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Ramp up to new Humana contract raises questions

Ramp up to new Humana contract raises questions 'I do think the threat is if (these) deals become more prevalent'

Woody O'NealYARMOUTH, Maine – HME providers say getting locked out of Medicare Advantage contracts could be one of the biggest threats they face. 

Humana in mid-May announced it had awarded capitated care contracts to AdaptHealth and Rotech Healthcare to provide certain home medical equipment services to its Medicare Advantage HMO members.  

“A lot of (big payers) won’t let us into the network – I think a lot of companies are experiencing that,” said Brian Wilson, COO of Commonwealth Home Health Care in Danville, Va. “I’m sure AdaptHealth does a good job, but I get doctors that come back to us and say, ‘We want to use you.’” 

The contracts, which start July 1, were awarded by state, with AdaptHealth covering 33 states and the District of Columbia, and Rotech covering eight states. There are nine “open states," largely in the West. The contracts cover respiratory supplies, mobility aids, wheelchairs and standard power mobility, beds and support surfaces and supplies, but not orthotics and prosthetics, mastectomy supplies and custom power wheelchairs. 

Rotech was awarded the contract in Michigan and while Robyn Parrott doesn’t have a ton of Humana patients, she is concerned about the patients it will impact.  

“In the Detroit area, Rotech is (known as) a bent metal provider, not CPAP and ventilators,” says Parrott, president of Troy, Mich.-based Sleep Solutions. “Now, we’ve got to transfer our patients to them. Humana said we can write a rebuttal letter, but we are telling the patients to call 1-800-Medicare to voice their concerns.”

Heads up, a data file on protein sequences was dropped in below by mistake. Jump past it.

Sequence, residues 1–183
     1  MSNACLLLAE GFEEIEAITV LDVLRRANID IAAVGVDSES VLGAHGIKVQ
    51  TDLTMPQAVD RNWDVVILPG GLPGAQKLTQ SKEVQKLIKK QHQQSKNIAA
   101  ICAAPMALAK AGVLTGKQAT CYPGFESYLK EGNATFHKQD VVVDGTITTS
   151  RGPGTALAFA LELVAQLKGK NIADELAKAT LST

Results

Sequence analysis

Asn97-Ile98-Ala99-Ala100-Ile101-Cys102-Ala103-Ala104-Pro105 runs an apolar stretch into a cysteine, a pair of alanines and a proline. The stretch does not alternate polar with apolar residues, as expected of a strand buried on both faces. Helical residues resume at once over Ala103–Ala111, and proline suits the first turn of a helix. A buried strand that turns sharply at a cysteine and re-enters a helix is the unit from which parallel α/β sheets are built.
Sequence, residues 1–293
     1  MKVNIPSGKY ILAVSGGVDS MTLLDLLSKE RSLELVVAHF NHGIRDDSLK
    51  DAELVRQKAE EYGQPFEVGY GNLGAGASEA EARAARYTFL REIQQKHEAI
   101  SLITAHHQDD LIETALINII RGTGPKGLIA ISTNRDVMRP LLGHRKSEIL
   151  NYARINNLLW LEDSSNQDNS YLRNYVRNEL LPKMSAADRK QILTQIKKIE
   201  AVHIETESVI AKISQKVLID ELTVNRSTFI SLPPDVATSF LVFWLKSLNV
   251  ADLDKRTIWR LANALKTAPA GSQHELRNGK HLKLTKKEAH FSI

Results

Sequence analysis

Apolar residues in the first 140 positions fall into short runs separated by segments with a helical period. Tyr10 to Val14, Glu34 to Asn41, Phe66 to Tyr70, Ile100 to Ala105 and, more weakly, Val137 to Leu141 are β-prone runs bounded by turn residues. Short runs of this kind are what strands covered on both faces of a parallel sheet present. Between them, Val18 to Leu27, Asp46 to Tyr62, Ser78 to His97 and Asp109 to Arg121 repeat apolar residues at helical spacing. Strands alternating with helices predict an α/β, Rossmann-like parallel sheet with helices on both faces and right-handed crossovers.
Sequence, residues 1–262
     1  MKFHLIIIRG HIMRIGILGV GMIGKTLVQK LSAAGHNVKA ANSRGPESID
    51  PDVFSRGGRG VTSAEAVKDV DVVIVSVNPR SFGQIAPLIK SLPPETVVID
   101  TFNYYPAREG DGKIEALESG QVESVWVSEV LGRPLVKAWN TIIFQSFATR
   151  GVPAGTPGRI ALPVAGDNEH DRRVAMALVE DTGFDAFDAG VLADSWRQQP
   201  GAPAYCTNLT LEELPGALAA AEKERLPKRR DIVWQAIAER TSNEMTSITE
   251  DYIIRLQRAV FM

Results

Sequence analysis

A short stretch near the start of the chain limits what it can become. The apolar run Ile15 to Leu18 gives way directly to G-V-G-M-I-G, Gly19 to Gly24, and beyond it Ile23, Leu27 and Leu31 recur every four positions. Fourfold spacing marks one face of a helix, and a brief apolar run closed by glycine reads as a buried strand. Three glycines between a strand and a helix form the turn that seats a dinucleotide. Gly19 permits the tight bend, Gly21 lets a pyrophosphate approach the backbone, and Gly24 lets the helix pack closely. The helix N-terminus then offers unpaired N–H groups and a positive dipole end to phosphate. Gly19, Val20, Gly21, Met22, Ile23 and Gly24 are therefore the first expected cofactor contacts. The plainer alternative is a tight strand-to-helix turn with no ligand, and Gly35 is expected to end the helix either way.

Bruce Roussell Jr. did register an objection with Humana when he received his notification letter from the payer, citing his worries of longer discharges. 

“This is a huge blow to us,” said Roussell Jr., president of DME Direct in New Orleans, a small mom-and-pop with four employees. “I’ve reached out to my state senator, to my former congressman, and I just reached out to the Humana network relations consultant and I’m waiting to see if she’ll call back.”  

Providers are also concerned with the transition taking place in such a short timeframe and on such a large scale. Tyler Riddle says AdaptHealth has reached out offering to buy the equipment that his Humana patients are currently using. 

“It’s very early in the negotiations of that and we’re not sure – it's got to make financial sense for me to do that,” said Riddle, president of MRS Homecare in Tifton, Ga. “I’m very interested in whether this is a tactic they are taking nationwide.” 

With such explosive growth in Medicare Advantage – a recent report from Kaiser Family Foundation found that 30.19 million of the 59.82 million people with both Medicare Part A and Part B were enrolled in a Medicare Advantage plan in 2023, compared to less than one in five in 2007 – providers expect more exclusive contracts. But that doesn’t need to spell the end of smaller providers, says Woody O’Neal. 

“My company is very active in courting and negotiating deals with MA plans and always have been,” said O’Neal, vice president of Pelham, Ala.-based O2 Neal Medical. “I do think the threat is if deals like the current AdaptHealth deal become more prevalent. But in the early ‘90s, we saw the same thing with managed care. Everybody was so scared of managed care, and it never transformed the industry like people thought it would.” 


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